Getting Ready for Your Tummy Tuck By Joseph M. Brown, MD, FACS on July 13, 2022

A tummy tuck is a great option if you’re looking for a dramatic change in your overall appearance. This procedure can be paired with liposuction to remove excess fat, remove excess skin, and re-contour the shape of your abdomen for a more flattering appearance. Let's look at getting ready for your tummy tuck.

Getting Ready for Your Tummy Tuck

With that said, a tummy tuck is a major surgical operation with an extended recovery process. Before you get a tummy tuck in Tampa your board-certified plastic surgeon will want to ensure that you’re a good candidate for the procedure and that your risk factors are effectively minimized.

These are the most common steps you will likely have to take in order to get ready for your tummy tuck.

A Physical

An abdominoplasty (the medical term for a tummy tuck) is a significant procedure with the same risks as any major surgery. In order to make sure that getting plastic surgery in Tampa is safe for you, your surgeon will likely ask you to undergo a basic physical prior to moving forward with the procedure.

During a physical, you can expect your doctor to check basic levels like heart function, blood pressure, and breath sounds. Generally, this is just a precaution to check for anomalies that could increase the risks associated with surgery.


A basic blood panel is another common precaution that plastic surgeons take to rule out potential complications. These panels usually check for signs of infection or stress in the body that could indicate a larger problem.

Medication Adjustments

Are you not on any regular medications? Then it is unlikely that you will be asked to make any adjustments. The exception may be if you have a risk factor requiring you to take a specific medication before surgery.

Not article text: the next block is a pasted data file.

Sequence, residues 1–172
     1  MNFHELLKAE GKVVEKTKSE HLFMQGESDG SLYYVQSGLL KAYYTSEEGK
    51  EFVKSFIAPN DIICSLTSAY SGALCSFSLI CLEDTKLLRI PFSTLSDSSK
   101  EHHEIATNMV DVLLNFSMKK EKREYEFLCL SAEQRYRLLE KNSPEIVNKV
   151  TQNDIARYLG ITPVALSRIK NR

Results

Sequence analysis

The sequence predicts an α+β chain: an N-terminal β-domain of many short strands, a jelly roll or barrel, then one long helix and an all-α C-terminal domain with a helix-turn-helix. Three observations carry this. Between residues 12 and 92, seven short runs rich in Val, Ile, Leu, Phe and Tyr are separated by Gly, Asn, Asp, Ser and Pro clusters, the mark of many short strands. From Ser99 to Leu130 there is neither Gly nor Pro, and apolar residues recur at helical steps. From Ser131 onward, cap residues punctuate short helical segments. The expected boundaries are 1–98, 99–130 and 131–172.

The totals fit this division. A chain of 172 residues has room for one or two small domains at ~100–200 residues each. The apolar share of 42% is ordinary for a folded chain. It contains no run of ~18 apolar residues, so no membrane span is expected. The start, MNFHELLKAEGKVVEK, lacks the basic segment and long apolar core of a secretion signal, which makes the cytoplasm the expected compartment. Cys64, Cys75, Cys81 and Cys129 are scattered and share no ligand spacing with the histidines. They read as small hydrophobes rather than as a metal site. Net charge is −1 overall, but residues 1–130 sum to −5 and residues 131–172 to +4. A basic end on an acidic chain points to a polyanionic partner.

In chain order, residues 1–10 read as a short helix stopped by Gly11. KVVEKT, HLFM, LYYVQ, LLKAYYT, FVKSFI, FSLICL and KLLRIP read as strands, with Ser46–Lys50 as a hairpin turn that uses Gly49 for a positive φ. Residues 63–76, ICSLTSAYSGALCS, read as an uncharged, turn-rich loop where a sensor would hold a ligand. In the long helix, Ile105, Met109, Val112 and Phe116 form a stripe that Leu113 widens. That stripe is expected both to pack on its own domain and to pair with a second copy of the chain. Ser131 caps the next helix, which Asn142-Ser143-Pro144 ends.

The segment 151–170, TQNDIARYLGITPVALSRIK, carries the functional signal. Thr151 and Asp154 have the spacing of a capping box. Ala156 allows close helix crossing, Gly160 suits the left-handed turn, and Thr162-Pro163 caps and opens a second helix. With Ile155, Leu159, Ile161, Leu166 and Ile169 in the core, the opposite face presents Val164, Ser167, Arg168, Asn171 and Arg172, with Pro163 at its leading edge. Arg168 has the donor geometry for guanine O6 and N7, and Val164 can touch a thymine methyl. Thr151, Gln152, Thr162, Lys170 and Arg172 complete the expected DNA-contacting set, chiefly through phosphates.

Other medication adjustments may be required. Specifically, if you’re on a medication that could increase your risk of bleeding or slow the overall healing process. In a similar vein, you will be counseled to avoid medications like aspirin, anti-inflammatories, and some herbal remedies that could increase your risk of excessive bleeding.

Smoking Cessation

If you smoke, then your plastic surgeon will ask you to refrain from smoking in the weeks leading up to and following surgery. It isn’t an idle request.

Smoking reduces the oxygenation of your blood. This can severely impact your ability to heal. In most cases, surgeons will request that you stop smoking about 6 weeks before surgery all the way through the end of your recovery process.

Are you struggling with an addiction to smoking. Then ask to be directed towards resources that can help you avoid the habit during this crucial window.


A tummy tuck is usually performed under general anesthesia with very few exceptions. As a result, you will likely be required to fast for a number of hours prior to your scheduled procedure.

While fasting can be annoying, it is also necessary to your safety. Ignoring the instructions provided by your doctor could cause you to aspirate during surgery, which can be extremely dangerous.

Making Plans for Recovery

Before surgery, you will want to ensure that you are set for recovery. You will need someone to drive you home from the hospital. You will also need some assistance at home for at least a few days.

In order to flesh out a more personalized plan, discuss your recovery with your doctor in the weeks leading up to surgery. By arranging for things like prepared meals, childcare, pet care, and cleaning services you can ensure that you have the support you need when you get home.

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Dr. Joseph Brown

Plastic Surgery

A board-certified plastic and reconstructive surgeon, Dr. Joseph M. Brown strives to provide patients with transformative, yet natural results in a safe and comfortable environment. When you choose him as your provider, he will develop a patient-doctor relationship based on honesty, trust, and a clear understanding of a common goal. He is affiliated with organizations such as the:

  • American Society of Plastic and Reconstructive Surgeons
  • Florida Medical Association
  • American Medical Association
  • American College of Surgeons

To get started, request an appointment using our form or call (813) 258-2425.

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